Highlights World Track Cycling Championships


Clare Balding is joined by guests Sir Chris Hoy and Dame Sarah Storey to review the highlights from the first three days at the track cycling World Championships in London.

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It is just as I remember it, only a little bit colder. But that is why I


was a track cyclist. Best to be indoors. The first day of London


2012I remember realising this is what it had all been about, all the


preparation and talk and hype had been leading towards this one day,


this one week. It was gametime. Gold medal for Great Britain!


The Olympic sprint champion! The noise is something everyone talks


about, all the athletes talked about the atmosphere, it was like nothing


else I have ever experienced in my whole career. Victoria Pendleton


takes the gold medal. It was a bit of a blah, it was so intense and so


big and different to anything else we had ever encountered before.


Another world record. The more time passes you realise what an


incredible time it was and how lucky you were to experience. My memories


of the keirin, I'd glanced at the corner of my eye and knew I had to


react. Chris Hoy gets the gold medal. To sign off with a gold medal


was like nothing else. Sir Chris Hoy who has been blamed


part of our team and admitted it is far more nerve wracking watching his


former team-mates than it was riding with them. Welcome to the track


World Championships, hugely enthusiastic crowds have been


pouring in and this was billed as something of a recovery mission for


British cycling having suffered a fairly disastrous Championships in


Paris last year. We will show you some highlights of the week so far


and reflect on them with the combined wisdom of Chris Boardman


and Dame Sarah Storey. The home crowd making a huge difference and


we will start with one of the most gruelling races of the lot, the


men's points race over 160 laps with a sprint every ten laps for which


the cyclists earn points. Jon Dibben was Britain's representative, he


came here as part of the team pursuit but this was his chance to


make his mark as an individual. He started really well and as we join


it we are starting to get quite excited.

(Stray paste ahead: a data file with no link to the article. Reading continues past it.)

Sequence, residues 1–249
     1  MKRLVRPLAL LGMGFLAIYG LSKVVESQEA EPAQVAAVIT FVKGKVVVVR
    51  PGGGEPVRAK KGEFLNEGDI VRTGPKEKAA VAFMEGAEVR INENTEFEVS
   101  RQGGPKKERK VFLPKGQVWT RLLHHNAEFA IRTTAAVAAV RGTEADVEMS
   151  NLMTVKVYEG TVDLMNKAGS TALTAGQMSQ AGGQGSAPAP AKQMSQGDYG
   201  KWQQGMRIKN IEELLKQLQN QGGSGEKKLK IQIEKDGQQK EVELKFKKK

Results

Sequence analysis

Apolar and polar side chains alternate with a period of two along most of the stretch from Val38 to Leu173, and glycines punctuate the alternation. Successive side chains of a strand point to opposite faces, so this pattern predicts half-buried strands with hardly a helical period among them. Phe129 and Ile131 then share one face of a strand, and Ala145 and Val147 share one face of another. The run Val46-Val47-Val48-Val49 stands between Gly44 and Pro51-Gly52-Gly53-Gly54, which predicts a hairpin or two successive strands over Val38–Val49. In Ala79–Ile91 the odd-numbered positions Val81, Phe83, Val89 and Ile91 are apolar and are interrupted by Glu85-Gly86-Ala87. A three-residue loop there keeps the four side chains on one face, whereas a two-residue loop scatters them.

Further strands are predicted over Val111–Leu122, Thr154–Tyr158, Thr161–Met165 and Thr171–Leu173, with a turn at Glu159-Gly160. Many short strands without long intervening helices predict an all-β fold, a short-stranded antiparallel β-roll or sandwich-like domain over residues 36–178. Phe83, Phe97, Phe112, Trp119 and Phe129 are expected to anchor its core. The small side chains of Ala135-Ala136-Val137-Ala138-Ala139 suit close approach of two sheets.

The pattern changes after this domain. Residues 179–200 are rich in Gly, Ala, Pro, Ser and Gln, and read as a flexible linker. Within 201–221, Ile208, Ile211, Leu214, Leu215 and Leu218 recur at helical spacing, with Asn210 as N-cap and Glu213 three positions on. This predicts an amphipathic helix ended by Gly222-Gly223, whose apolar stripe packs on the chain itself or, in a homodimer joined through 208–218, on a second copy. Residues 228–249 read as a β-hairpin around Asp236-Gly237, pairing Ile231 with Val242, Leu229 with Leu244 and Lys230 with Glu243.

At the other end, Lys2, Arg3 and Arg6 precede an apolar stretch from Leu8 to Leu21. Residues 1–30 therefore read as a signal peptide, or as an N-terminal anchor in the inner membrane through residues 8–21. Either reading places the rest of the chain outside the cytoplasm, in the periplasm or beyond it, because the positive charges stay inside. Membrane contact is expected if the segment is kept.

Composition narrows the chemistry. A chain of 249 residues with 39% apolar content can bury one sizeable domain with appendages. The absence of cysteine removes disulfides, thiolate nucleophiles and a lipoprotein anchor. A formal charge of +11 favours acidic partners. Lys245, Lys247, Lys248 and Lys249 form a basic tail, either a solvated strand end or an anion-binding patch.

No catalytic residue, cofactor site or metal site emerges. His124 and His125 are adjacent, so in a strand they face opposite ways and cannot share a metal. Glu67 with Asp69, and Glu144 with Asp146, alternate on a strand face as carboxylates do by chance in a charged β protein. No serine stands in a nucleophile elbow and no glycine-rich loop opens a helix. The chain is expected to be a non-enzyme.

COMMENTATOR: Closely fought competition, five riders. Graf is


still half a lap ahead. If he stays out there he will be the leader in


this competition. The leader on the track who probably feels absolutely


awful out there, he will be copying and blowing, his legs obese grooming


at him but he is such a good rider, so experienced, he is still in


front, but the German in the group behind him knows this is his chance


to get on the podium. This is the target for Graf, what he needs is to


get the points and set up and wait for this group of four, he will have


the advantage, needs to ride defensively once he gets himself


into the lead which he has done. What a stupendous effort from Graf


from Austria who takes the points on the line. The Belgian was right up


there as well. Graf has done exactly what he


should, leading the way on 44 points, he is in gold medal


position. Thomas Brown into the -- gone into the silver medal position.


Graf needs to just sit on the back and let them do the work, ride


defensively. Going like a train, trying to rejoin the leading group,


Jon Dibben didn't have the strength to go with him. In the blue helmet,


you can see he is closing the gap very quickly. Jon Dibben is losing


wheels every times he comes off the right, he is completely cooked and


waiting for the end of the race. I don't think there is anything he can


do to contribute, just hope it comes back together. The group in front of


him has swelled so much it might lose cohesion. He could do with the


crowd getting behind him in these closing laps, Jon Dibben. Just one


point between Jon Dibben in bronze and De Ketele in fourth. Jon Dibben


hanging on with his fingernails but he is fighting the way. As soon as


he goes they might accelerate yet again. Thomas coming up behind him.


I don't think they will get the chance to recover. The world scratch


race bronze medallist from Hong Kong goes off the front, making a late


attack with 23 laps to go. That is the kind of move which plays into


the hands of Jon Dibben because he only has one point on the board so


he's not a threat but he is mopping up the points which is bringing Jon


Dibben closer and closer. Dibben moving up the track. The Hong Kong


rider only has one point so is not a factor in the race so this is a good


scenario from the point of view of Dibben. Dibben is going to have a


go, he is getting into the mix, if he can do it. De Ketele following


on. Launching the sprint into the final straight. On the line, not


sure if he got that one and Dibben didn't quite have the turn of pace


having done a lot of work. This is the sprint again, very, very close


on the line. It is in the lap of the gods know, just one more sprint


before the final bash for the line. So close, we seldom see a race with


so many people still in contention with less than 20 laps to go. De


Ketele has just aged Dibben off the podium by a point. -- just aged.


Dibben outside the medals for a podium by a point. -- just aged.